While there’s heavy interest outside the Blue Line in these two cases, they are simply the latest clashes in an undeclared, parkwide civil war — a fight between the haves and the have-nots, the environmentalists versus the property rights supporters. It’s a fight to determine what’s best for the Adirondack Park, and those beliefs don’t always jive with what’s best for Adirondack residents.
Today, Tupper Lake is a community under siege, and while that sounds corny from the outside, it’s all too real for the residents inside fighting for survival. For those who have faced adversity or been the underdog, this is your story.
With its industrial heritage, Tupper Lake is a blue collar town at heart, filled with friendly, honest and hard-working people. They have a history of reinventing their economy no matter the challenge. When the softwoods ran out, they turned to hardwoods. They attracted a federal hospital. When the feds moved out, they attracted the state to run Sunmount for the developmentally disabled.
But times have been tough lately. The wood products industry has faded away. OWD is gone, along with Ames, Hackett’s, A&P and a number of small businesses.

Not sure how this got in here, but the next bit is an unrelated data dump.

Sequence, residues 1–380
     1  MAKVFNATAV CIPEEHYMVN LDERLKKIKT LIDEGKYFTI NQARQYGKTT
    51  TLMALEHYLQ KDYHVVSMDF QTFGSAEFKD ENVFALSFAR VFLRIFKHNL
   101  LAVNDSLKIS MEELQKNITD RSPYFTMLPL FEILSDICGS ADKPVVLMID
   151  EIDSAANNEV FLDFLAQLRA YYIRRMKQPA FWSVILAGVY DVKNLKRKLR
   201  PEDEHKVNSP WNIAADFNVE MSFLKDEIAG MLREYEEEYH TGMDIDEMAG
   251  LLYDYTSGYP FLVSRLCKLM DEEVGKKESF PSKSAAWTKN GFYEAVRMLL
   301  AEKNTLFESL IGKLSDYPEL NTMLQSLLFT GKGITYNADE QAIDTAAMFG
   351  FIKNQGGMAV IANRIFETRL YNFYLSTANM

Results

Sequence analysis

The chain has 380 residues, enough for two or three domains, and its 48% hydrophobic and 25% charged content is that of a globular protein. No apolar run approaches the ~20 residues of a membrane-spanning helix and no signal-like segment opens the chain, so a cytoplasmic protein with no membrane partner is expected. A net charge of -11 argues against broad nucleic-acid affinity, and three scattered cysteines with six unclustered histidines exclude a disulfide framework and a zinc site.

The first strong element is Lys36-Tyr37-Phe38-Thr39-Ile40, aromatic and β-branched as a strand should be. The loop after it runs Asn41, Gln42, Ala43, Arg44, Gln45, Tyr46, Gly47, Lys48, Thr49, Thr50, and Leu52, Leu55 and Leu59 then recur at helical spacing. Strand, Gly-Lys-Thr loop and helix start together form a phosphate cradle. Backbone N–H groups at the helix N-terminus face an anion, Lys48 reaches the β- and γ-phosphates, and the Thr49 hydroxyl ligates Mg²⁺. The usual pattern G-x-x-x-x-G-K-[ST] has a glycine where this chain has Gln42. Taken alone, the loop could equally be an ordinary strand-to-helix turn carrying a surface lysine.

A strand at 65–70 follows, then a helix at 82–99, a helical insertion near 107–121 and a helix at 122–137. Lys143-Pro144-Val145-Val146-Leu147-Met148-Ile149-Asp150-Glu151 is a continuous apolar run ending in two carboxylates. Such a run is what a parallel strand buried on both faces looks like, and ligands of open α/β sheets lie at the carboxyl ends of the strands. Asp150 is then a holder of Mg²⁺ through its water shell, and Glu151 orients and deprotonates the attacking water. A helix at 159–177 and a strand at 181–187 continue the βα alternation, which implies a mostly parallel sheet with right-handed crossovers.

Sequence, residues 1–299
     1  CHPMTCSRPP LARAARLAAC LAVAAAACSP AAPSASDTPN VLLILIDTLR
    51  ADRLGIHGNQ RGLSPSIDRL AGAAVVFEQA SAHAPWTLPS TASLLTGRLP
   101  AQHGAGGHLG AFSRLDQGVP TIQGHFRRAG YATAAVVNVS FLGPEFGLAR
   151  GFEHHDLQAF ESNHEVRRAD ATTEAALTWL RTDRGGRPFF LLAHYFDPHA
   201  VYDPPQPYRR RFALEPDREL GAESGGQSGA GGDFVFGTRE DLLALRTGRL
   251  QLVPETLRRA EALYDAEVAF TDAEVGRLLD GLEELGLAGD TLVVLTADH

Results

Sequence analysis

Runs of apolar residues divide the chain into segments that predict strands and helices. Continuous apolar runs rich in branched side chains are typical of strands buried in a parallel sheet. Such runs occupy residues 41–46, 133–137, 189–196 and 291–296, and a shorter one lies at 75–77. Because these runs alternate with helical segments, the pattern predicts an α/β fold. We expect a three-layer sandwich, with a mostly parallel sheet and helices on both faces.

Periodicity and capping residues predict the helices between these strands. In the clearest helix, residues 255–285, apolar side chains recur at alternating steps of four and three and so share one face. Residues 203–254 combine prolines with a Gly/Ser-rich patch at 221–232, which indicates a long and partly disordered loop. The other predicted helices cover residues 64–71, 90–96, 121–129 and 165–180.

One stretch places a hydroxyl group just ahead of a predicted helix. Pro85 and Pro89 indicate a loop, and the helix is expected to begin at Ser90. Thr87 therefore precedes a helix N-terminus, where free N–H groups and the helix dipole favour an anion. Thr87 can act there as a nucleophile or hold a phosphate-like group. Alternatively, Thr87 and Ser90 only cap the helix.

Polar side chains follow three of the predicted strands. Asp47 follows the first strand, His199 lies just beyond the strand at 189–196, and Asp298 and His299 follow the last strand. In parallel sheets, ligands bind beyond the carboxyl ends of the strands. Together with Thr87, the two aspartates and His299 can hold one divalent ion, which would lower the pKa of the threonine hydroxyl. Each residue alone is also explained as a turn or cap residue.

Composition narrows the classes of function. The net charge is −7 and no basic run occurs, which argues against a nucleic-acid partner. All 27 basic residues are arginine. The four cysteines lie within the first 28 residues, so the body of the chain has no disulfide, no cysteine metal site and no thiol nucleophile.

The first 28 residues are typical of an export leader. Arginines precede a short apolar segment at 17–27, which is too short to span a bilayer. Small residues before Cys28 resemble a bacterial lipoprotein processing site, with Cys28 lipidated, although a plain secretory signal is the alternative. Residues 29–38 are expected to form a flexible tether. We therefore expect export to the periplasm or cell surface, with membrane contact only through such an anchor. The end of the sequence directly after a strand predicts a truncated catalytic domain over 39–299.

We shouldn’t dictate how anyone else should live. Let’s support ARISE and Next Stop! Tupper Lake. Let’s get the Adirondack Scenic Railroad to the Junction depot within three years. Let’s get the Adirondack Club and Resort up and running. Let’s get the Tupper Lake economy back in tip-top shape.
Learn more at www.tupper-lake.com.
Now, more than ever, Tupper Lakers need your help, and they have much to offer. They know where they’re going and how to get there.
Members of ARTA, the Adirondack Council, Protect the Adirondacks and all those manning the roadblocks to Tupper Lake’s future, if you’re not going to help, please get out of the way.
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